- The Washington Times - Sunday, October 14, 2001

Greek mythology has been ingrained in world culture. From popular films featuring the exploits of Jason and the Argonauts to a lexicon including phrases such as "Achilles' heel," the heroes and gods of the ancient world are still with us. One man's herculean effort has led to a Web site espousing the virtues of studying these legends through silly illustrations and plenty of information on the myths of the mortals and immortals of long ago.


Site address: www.mythweb.com


Joel Skidmore developed Mythweb at his own expense and as a public service through his media company, San Francisco Production Group, in San Francisco.

Creator quotable

"I created Mythweb with the help of my artistic collaborators in order to foster the study and enjoyment of Greek mythology," Mr. Skidmore says.

"I myself was bitten by the bug in preschool and reinfected in sixth grade. I also had the benefit of a country day school curriculum that included healthy doses of Homer, Herodotus, Thucydides, et al. I personally enjoy Greek mythology, and I like to share it with other enthusiasts, especially middle schoolers in the course of becoming enthusiasts."

Word from the Webwise

Drawing upon Homer's "Iliad" and "Odyssey" and the works of Apollodorus who wrote centuries after the myths were first narrated, but provided a solid retelling Mr. Skidmore has assembled an efficient site featuring cartoony representations of the characters and stories to which he pays tribute.

The site's opening page shows a Disney-style Zeus wielding a lightning bolt and accompanied by cronies who come to life as visitors pass the cursor over the main sections, "Gods," "Heroes," "Today" and "Encyclopedia."

An obvious starting point, "Gods" begins with a gorgeously drawn page by Gordon Dean that depicts the 12 major Olympians: Aphrodite, Apollo, Ares, Artemis, Athena, Demeter, Dionysus, Hephaestus, Hear, Hermes, Poseidon and Zeus, as well as the "intruder" Pan.

A click on each deity displays a biography, such as that of Artemis, the virgin goddess of the hunt, who helped women in childbirth but could bring sudden death with her arrows. Unfortunately, the text is set in a painfully narrow column.

Next, the "Heroes" section offers a colorful look at Jason, Hercules, Bellerophon, Theseus and Odysseus. Visitors get a multipage illustrated presentation of each hero's story, including an index of characters involved in the story. I chose Theseus, grandson of the king of Troezen, to learn about his adventures while journeying to Athens to discover his true heritage.

Finally, the recent addition "Today" offers a place for Mr. Skidmore to explain the relevance of these mythological characters in today's world. He uses Hercules to demonstrate the phrase "herculean effort" and features the story of his exploits. This section has potential but needs deeper content.

I found a tiny link on the front page, "Mythology in the News," more interesting. It had a small feature on how dinosaur bones found in ancient times might have helped inspire some of the Greek mythologies.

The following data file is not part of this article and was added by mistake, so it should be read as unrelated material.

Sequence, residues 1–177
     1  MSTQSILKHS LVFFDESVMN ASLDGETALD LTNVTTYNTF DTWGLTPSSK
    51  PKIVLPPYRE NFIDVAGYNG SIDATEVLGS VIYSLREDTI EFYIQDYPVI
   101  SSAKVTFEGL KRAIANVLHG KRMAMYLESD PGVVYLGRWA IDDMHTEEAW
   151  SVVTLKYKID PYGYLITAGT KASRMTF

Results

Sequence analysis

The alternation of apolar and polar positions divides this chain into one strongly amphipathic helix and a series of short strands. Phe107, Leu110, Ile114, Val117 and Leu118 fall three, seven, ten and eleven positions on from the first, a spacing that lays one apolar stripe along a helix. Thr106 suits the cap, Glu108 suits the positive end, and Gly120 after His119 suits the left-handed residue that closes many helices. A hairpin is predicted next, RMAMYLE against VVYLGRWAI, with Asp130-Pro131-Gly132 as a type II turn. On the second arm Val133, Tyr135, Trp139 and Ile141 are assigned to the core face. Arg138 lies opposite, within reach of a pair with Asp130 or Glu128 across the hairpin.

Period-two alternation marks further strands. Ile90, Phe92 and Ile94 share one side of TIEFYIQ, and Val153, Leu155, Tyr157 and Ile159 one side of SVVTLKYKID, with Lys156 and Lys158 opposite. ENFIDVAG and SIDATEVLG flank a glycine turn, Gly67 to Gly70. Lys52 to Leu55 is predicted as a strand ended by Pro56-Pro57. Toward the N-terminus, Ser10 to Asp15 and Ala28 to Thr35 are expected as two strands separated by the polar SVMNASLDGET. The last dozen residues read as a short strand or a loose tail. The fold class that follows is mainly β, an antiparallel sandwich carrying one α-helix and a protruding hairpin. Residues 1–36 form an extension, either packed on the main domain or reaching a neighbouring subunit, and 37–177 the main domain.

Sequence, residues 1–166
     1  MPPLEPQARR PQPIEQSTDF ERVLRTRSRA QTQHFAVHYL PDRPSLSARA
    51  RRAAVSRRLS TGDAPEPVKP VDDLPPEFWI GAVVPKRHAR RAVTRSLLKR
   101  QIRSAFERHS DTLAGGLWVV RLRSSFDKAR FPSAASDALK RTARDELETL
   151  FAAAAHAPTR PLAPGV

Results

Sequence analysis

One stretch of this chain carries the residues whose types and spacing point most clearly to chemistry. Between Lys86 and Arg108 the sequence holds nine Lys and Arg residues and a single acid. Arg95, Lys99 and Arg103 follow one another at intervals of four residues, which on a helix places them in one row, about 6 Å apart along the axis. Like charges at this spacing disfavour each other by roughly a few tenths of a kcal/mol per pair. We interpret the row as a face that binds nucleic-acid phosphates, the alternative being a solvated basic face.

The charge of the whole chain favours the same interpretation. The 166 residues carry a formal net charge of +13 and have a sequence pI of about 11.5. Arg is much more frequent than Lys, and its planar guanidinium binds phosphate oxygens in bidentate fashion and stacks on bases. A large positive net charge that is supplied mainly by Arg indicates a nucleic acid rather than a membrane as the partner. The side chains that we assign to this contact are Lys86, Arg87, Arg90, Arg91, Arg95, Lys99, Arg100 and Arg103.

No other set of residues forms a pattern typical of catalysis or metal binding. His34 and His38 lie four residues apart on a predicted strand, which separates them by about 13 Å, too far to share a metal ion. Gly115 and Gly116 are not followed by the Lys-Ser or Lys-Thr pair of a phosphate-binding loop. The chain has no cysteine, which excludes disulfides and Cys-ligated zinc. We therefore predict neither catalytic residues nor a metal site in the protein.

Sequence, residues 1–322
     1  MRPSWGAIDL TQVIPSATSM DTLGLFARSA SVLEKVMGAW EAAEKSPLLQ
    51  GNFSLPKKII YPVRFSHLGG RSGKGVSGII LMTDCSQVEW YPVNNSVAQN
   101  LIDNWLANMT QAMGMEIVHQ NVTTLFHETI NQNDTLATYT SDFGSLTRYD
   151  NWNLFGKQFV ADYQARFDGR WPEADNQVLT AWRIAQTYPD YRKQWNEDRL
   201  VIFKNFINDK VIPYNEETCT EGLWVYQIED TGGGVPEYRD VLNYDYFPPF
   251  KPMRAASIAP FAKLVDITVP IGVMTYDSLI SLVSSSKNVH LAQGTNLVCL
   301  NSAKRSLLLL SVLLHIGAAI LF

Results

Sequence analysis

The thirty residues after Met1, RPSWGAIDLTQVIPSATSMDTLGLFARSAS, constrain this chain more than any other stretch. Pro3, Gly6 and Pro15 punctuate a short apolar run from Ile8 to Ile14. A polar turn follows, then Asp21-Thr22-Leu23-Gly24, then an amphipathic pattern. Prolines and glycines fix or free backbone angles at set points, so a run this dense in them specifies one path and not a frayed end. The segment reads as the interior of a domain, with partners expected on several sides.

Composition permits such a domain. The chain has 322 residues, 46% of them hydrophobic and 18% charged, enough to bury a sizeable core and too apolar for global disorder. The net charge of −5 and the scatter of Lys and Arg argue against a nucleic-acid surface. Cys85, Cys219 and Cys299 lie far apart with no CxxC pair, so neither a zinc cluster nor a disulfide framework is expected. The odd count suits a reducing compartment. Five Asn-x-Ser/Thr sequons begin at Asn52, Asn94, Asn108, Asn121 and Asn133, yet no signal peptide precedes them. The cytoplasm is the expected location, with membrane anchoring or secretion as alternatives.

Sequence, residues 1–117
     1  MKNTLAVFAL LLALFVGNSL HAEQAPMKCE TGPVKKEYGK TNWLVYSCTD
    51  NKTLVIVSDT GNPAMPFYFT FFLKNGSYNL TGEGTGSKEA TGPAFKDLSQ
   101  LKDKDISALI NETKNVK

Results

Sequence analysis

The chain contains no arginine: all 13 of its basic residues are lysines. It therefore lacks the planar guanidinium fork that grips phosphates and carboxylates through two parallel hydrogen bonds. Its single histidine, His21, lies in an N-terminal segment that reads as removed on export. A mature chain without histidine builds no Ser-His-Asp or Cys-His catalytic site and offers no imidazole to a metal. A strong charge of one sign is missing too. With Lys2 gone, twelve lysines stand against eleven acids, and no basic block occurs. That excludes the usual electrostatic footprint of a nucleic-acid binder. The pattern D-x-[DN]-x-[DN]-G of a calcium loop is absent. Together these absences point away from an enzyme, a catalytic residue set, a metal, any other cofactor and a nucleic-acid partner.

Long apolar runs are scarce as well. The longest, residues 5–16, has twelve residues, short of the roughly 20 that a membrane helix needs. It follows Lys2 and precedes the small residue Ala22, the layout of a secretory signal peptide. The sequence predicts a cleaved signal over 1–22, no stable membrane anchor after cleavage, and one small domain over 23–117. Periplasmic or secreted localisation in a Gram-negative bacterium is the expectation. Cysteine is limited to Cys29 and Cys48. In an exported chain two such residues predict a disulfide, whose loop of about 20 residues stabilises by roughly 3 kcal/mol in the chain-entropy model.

Ease of use: Mythweb should be compatible with all browsers currently in use, with no plug-ins required. The site is concise and does not need a search engine, but in the design department, I did not understand laying out the text within such narrow margins. Also, in the content department, I would love to see a bit of history on Greece and some of the real players involved at the time of the myths' creation.

Don't miss

Mr. Skidmore originally released a CD-ROM game called Wrath of the Gods, and some of the leftover media elements have become the artistic core of the Encyclopedia of Greek Mythology. This simple-to-navigate online book offers more than 200 words, with accompanying definitions and images. Visitors quickly will learn about everything from the multiheaded dragon Ladon that guarded the garden of Hesperides to the significance of the Wandering Rocks.

Family activity

A handy "Teachers" area not only sheds light on why schools should incorporate mythology into their curriculum, but also gives a few ideas on projects to do away from the computer. These include visiting an art museum, creating a "family tree" based on one of the gods and developing a tabloid newspaper on some of the bizarre stories surrounding Greek myths.

Cybersitter synopsis

The site won't captivate younger children, but students in sixth grade and older will find a wealth of knowledge that will greatly enhance a school report.

Overall grade: B+

Remember: The information on the Internet changes constantly. Please verify the advice on the sites before you act to be sure it's accurate and updated. Health sites, for example, should be discussed with your own physician.

Have a cool site for the family? Write to Joseph Szadkowski at Webwise, The Washington Times, 3600 New York Ave. NE, Washington, D.C. 20002; call 202/636-3016; or send an e-mail message ([email protected]washingtontimes.com).

Copyright © 2019 The Washington Times, LLC. Click here for reprint permission.

The Washington Times Comment Policy

The Washington Times welcomes your comments on Spot.im, our third-party provider. Please read our Comment Policy before commenting.


Click to Read More and View Comments

Click to Hide